Review: Stoker [2013]

Review: Stoker [2013]

My love for Matthew Goode was reignited recently when I watched the first season of “Discovery of Witches”. That performance made me remember that I haven’t seen Stoker, another movie he starred in, so I decided to see it on a rainy Sunday night.

It’s a strange, sinister coming of age story, where the girl realizes she is more fucked up than she can imagine, and she has her family genes to blame for it. “Stoker” starts with the death of India’s father and the sudden appearance of her uncle in her life. His creepy behavior and strong interest in her makes her curious and she soon discovers she is more alike to him than she was to her father. I won’t get into details, but let’s just say it involves murder.

One of the main reasons I loved this movie was the directing. Park Chang-Wook, a South Koreean director, has one of the most interesting minds in the business. I highly recommend you seeing Handmaiden, his other movie- equally weird, but absolutely amazing. I love the way he sees the world around him, how he shoots the scenes, and how close attention he gives to such small details. That, paired with an adequate score, makes a normal scene, like removing a belt, for example, or playing the piano, ten times stronger and more appealing. That is, I think, a better word for it. Appealing. Alluring. Visually beautiful. Although the movie was very dark and creepy, I loved watching it from beginning to end. I loved the colors, the shots, the editing, everything. And yes, I know, a big part of it is due to the cinematography and editing, but I do believe the vision comes from him.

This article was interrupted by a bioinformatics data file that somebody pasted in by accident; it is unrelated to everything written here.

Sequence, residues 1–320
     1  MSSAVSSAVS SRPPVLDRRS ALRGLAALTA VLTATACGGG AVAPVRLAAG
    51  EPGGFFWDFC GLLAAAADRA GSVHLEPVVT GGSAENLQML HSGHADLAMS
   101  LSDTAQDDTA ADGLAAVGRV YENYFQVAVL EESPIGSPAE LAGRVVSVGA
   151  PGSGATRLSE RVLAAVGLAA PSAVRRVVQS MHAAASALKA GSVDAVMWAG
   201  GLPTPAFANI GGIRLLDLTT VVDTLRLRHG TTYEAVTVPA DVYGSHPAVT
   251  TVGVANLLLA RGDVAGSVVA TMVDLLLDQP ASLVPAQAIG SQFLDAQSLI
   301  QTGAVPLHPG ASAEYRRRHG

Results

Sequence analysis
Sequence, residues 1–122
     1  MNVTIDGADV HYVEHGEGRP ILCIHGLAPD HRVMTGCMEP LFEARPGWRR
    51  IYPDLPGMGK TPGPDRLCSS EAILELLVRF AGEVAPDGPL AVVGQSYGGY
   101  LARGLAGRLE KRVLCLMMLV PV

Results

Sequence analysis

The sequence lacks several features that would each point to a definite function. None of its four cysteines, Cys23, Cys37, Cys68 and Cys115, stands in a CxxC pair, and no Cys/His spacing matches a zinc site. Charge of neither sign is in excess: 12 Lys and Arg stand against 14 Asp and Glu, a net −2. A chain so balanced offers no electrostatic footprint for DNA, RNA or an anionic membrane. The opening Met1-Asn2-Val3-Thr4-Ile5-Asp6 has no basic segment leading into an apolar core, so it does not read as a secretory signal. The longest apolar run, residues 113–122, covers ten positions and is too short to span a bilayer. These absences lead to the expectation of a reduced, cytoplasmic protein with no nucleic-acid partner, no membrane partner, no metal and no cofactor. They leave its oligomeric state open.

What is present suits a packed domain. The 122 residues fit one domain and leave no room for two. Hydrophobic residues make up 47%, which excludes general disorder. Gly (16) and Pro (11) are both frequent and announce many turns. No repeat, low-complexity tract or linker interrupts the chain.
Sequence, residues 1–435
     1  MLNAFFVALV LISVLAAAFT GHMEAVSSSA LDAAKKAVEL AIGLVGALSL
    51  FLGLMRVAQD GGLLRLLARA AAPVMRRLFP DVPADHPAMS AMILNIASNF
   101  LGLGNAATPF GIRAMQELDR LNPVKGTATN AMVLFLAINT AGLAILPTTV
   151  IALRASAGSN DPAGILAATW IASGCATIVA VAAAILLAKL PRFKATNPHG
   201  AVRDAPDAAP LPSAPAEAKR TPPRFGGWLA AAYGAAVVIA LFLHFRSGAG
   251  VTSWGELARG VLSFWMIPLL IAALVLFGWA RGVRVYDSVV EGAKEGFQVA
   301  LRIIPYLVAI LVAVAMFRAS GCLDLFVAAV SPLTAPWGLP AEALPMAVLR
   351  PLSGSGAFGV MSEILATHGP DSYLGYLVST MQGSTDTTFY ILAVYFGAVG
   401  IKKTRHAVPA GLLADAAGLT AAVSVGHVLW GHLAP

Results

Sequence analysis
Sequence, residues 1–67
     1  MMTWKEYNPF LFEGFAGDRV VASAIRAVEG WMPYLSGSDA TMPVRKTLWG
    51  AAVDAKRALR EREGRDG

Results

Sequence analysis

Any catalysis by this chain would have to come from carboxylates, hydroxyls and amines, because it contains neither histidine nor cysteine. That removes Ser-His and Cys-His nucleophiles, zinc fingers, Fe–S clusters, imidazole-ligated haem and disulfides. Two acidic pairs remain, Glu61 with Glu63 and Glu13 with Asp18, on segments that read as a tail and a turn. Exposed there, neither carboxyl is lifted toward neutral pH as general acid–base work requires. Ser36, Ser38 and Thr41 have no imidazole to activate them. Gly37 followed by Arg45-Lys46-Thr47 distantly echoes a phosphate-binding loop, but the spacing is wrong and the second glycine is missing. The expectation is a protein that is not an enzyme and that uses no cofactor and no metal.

Story-wise, it was, like I said, dark. It’s a thriller, and a fucked up one, considering the revelation at the end of it, but it has a strange appeal to it. And it’s mostly due to the actors. I loved all three main characters: Mia Wasikowska, Nicole Kidman and Matthew Goode. They did a great job portraying a dysfunctional family, and Mia was especially captivating as a lonely, curious child who realizes where her pleasure lies in. Kidman, as always, was stunning as a bored stay at home mother, and I especially loved the monologue she gave to India in the second part of the movie. As for Matthew Goode, you know I love him, so of course I enjoyed his performance in “Stoker”- he was deliciously creepy in it. An interesting tidbit is that the script was written by Wentworth Miller, which is a surprise, considering he is known as Michael from Prison Break. Still, it was a great story, very well told. I am curious to see what he writes next.

Overall, I highly enjoyed “Stoker”, from the first shot to the ending scene which gave my musical obsession of the week: Emily Wells- Becomes the Color. I suggest you see it, especially if you don’t mind dark movies and / or fucked up characters.

4 thoughts on “Review: Stoker [2013]

    1. Yup, I was surprised, too, but he definitely delivered. Apparently, there is another movie written by him (The Disappointments Room), but that flopped.

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